Audi Q7 SUV - Interior & comfort
The Audi Q7 benefits from the brand's trademark interior excellence and is very comfortable
Audi has a reputation for producing some of the best interiors on the market and the new Audi Q7 definitely benefits from that expertise. The inside of the car is finished with materials that look and feel plush and the minimalist dashboard design is smart and modern. The interior of the Volvo XC90 is excellent and runs the Q7 close, but the materials in the Audi have an extra touch of class.
Refinement is excellent, making it a very relaxing car to travel in, and giving you a great opportunity to enjoy what is one of the best interiors on the market.
Audi Q7 dashboard
Audi’s triple-digital display has been adopted from the Audi Q8. It uses a 10.1-inch top screen to take care of infotainment, while a lower 8.6-inch screen takes care of climate control and vehicle settings. You also use this to input information with a handwriting recognition feature, although right-handed drivers may find this fiddly. The Virtual Cockpit instrument panel is clear and displays plentiful information, including navigation instructions.
Most of the Q7’s map and infotainment functions can be controlled from the steering wheel. This takes some getting used to, but once you've got the hang of it, it's safer as you can keep your eyes on the road ahead. The sheer level of technology can be intimidating, but if you take the time to learn it, you'll find it makes your life easier in the end.
All models also get the top-of-the-line MMI navigation and infotainment system, which includes internet connectivity, while the system is also optimised for use with iOS or Android smartphones, allowing you to control some of your phone’s functions from the MMI system. It's now also compatible with Amazon voice service Alexa.
The standard Q7 comes in four trim levels: Sport, S line, Black Edition and Vorsprung, with the range-topping SQ7 available as the standard model and in top-spec Vorsprung trim. Standard equipment includes front and rear parking sensors, cruise control, an adjustable speed limiter and an automatic braking function at low speeds. All UK cars also come with Matrix LED headlights as standard, too.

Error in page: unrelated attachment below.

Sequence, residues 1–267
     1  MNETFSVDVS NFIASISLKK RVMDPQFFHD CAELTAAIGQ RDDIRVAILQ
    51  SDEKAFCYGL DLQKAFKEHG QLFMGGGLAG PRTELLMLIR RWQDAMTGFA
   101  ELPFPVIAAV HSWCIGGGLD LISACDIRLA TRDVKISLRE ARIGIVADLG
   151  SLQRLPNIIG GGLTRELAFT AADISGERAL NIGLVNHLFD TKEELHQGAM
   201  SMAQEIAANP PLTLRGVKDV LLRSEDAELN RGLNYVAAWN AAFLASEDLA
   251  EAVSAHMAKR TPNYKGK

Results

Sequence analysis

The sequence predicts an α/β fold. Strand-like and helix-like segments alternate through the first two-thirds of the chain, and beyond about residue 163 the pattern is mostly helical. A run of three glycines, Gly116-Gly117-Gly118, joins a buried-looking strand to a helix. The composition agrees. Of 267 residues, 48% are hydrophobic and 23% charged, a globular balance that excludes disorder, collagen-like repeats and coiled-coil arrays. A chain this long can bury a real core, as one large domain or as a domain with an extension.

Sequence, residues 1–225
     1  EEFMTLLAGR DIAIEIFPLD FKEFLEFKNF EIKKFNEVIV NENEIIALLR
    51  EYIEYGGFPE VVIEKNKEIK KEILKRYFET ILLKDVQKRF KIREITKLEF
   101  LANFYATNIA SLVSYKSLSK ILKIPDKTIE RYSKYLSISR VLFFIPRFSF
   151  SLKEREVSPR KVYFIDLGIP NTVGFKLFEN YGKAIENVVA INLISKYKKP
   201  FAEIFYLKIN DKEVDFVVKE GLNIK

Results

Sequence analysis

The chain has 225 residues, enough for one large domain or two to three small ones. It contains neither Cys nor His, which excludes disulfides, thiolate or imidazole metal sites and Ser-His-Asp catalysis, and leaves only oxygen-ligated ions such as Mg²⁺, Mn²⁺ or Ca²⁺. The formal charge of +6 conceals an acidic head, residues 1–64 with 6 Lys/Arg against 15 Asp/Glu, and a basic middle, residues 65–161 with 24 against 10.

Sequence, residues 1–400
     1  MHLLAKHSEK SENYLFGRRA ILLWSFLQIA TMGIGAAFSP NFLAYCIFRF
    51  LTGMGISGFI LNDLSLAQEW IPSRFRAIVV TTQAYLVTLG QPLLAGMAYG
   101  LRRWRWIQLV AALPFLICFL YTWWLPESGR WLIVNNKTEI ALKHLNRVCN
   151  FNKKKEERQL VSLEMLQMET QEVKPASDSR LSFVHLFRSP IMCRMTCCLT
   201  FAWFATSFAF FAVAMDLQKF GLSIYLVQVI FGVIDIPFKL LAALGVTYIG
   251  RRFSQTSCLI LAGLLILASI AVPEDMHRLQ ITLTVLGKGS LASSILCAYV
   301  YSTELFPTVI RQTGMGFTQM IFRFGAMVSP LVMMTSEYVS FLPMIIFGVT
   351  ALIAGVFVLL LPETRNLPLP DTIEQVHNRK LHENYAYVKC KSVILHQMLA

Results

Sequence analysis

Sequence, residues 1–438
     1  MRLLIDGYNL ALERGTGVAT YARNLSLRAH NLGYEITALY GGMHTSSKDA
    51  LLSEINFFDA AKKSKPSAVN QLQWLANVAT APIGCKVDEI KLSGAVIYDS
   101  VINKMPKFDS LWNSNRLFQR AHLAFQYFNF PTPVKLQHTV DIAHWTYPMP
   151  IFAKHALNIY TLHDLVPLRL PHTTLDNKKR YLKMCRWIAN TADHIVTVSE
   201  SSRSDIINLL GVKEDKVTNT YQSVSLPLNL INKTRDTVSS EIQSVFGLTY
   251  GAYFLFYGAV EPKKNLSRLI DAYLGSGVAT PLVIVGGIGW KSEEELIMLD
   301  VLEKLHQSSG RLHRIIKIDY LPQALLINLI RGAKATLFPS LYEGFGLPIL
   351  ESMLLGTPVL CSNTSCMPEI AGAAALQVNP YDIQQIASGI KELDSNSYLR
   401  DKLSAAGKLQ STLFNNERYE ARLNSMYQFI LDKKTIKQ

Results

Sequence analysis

Upgrading to Black Edition sees exterior chrome covered in black paint for a more menacing appearance, while the interior benefits from a standard panoramic sunroof, Valcona leather upholstery and ambient lighting.
The Vorsprung edition goes after top-flight Range Rover models, boasting 22-inch alloy wheels, and an interior swaddled in soft, diamond-stitched leather, with an Alcantara suede headlining. In-car technology is bolstered by a head-up display, wireless smartphone charging compartment and a Bang & Olufsen stereo system.
The list of optional equipment for the Q7 is long and many of the items are expensive, so restraint is advised unless your budget is significantly higher than the starting price of the car. Options include a parking assistance function and active lane-keeping assistance. One step up from that is something called traffic-jam assistance. A development of adaptive cruise control, it can take over steering, braking and accelerating on well-marked roads at up to 37mph.
A full-length panoramic sunroof is also available. It's truly enormous: opening the front section makes the people in the front two seats feel like they're in a convertible. There are plenty of colour choices for the inside and outside of the car as well.
Technology fans are well catered for, too. You can add a Bose stereo or if you want an even richer listening experience, there's a Bang & Olufsen sound system, but you'll need to fork out more than £6,000 for that. If you need assistance when driving in the dark there’s also a night vision assistant at £2,200.